In the days since Miley Cyrus took over the Barclays Center for her twerk-filled "We Can't Stop" performance at the Video Music Awards on Sunday, it seems everyone, from fans to celebrities, like Anderson Cooper and Adam Lambert, has had something to say about it.
The performance's creative director, Diane Martel — the woman behind the VMA-nominated videos for "We Can't Stop" and Robin Thicke's "Blurred Lines" — opened up to MTV News about some of the performance's more shocking moments.
When MTV News spoke to Miley during the VMA pre-show, she promised a VMA moment "crazier" than the iconic Britney/Madonna kiss, and it seems she delivered. Martel said that after she suggested Miley walk out of a giant bear, producer Mike Will Made It wanted to bring the video's bear dancers to the stage and "the rest is history."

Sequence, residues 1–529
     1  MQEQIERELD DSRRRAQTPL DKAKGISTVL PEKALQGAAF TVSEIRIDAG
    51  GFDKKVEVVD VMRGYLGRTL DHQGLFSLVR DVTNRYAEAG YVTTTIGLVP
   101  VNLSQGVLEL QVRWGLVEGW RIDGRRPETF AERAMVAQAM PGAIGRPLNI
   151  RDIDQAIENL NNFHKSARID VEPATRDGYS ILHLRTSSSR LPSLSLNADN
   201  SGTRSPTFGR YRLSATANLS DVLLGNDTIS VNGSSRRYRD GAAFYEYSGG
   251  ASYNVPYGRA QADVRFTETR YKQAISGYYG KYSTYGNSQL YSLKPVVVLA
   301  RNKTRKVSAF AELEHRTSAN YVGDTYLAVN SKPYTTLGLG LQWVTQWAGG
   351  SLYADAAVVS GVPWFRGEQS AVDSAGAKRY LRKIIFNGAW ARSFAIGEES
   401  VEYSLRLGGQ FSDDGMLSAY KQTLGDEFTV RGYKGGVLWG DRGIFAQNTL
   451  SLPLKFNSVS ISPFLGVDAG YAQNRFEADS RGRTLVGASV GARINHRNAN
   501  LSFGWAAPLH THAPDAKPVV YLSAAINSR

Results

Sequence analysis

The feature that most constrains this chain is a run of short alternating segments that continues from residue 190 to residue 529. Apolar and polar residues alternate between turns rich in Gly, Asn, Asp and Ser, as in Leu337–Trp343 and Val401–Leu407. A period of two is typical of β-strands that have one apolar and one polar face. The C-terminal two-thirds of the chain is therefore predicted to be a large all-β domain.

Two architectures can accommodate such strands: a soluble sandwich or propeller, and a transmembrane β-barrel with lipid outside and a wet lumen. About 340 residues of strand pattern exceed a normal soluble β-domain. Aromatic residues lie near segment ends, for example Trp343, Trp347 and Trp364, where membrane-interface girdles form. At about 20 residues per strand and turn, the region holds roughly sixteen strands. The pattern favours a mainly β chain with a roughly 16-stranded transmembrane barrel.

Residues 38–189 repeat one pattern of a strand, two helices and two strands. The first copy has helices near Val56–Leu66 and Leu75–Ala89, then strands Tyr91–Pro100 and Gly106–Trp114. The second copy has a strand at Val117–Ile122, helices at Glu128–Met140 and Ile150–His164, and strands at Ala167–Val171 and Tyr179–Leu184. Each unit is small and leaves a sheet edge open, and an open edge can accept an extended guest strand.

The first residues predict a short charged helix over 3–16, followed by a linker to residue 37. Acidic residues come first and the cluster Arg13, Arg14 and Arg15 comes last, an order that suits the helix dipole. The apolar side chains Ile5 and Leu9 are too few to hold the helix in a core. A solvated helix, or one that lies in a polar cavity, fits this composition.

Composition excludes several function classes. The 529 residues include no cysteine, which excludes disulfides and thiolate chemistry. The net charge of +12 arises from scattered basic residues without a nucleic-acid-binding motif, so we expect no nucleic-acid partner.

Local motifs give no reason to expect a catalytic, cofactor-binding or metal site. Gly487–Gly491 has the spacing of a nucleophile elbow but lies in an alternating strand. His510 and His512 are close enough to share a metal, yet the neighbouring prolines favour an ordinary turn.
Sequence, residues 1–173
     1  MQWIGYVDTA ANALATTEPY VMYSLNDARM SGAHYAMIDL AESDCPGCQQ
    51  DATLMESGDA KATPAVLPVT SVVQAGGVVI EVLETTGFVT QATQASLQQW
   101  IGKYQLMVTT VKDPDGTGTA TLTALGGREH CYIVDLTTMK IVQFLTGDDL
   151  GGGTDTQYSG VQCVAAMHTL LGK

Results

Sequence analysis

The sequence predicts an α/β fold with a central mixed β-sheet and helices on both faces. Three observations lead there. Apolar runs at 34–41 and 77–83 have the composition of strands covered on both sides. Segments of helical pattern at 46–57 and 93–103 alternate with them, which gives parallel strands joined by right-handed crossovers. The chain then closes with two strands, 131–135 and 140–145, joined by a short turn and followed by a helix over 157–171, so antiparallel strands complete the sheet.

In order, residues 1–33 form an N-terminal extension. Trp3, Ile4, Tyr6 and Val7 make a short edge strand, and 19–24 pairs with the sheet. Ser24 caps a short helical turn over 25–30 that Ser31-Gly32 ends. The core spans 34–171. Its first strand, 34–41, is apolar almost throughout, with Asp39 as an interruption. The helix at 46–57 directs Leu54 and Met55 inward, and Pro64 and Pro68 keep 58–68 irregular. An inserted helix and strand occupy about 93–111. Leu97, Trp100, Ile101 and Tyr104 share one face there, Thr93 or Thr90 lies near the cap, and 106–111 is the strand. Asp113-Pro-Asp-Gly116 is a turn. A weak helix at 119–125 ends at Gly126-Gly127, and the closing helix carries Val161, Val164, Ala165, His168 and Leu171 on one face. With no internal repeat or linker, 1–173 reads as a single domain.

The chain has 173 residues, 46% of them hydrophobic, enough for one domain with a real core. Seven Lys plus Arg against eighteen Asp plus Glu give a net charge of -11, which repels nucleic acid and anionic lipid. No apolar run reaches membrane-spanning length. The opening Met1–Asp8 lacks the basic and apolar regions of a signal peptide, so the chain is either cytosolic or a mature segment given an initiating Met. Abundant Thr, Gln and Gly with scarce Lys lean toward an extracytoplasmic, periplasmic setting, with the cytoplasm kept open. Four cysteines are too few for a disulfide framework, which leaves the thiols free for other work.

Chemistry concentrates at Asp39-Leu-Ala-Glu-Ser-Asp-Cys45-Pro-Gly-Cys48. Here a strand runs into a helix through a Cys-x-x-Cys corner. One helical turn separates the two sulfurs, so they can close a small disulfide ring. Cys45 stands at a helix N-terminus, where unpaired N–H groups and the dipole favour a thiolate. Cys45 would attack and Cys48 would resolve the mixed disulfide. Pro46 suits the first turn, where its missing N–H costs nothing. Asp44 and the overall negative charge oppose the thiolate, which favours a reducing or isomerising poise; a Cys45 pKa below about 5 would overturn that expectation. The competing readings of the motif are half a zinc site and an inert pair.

"Miley had ideas about how she wanted to perform; she was excited to play it mega-campy style," Martel said. "For 'Blurred Lines' I decided to use the [foam] finger and she took it and ran with it. She's into being over the top right now and I'm right there with her."
Days before her performance, Miley told us she was excited to link up with Martel again for the VMAs, especially because the Brooklyn native could bring East Coast swag to the L.A. "We Can't Stop" party.
"It's going to be awesome because she's from Brooklyn so, it's gonna be sick to be here on her turf. We made it look like an L.A. party and now just being her in New York with her... it's gonna be fun."
And for anyone who was offended by Miley's constant tongue-wagging, Martel explained that it was never meant to be shocking.
"And for the geriatric crew, the tongue out is not sexual," she said. "It's selfie code. It's mocking 'pretty.' It's not for your gaze. It's for a young audience's gaze. There seems to be an enormous generation gap."
The buzzed-about performance has certainly received its criticism, which Martel thinks is undeserved, it's also been praised by fellow VMA performer Justin Timberlake.
"I am shocked by their shock," Martel said. "I think there is other news we should be focusing on ... Syria? Egypt? Not a 20-year-old girl wilding out in a campy rendition of her #1 song and Robin's #1 song. At the heart of this noise, you have a young lady playing with a performance."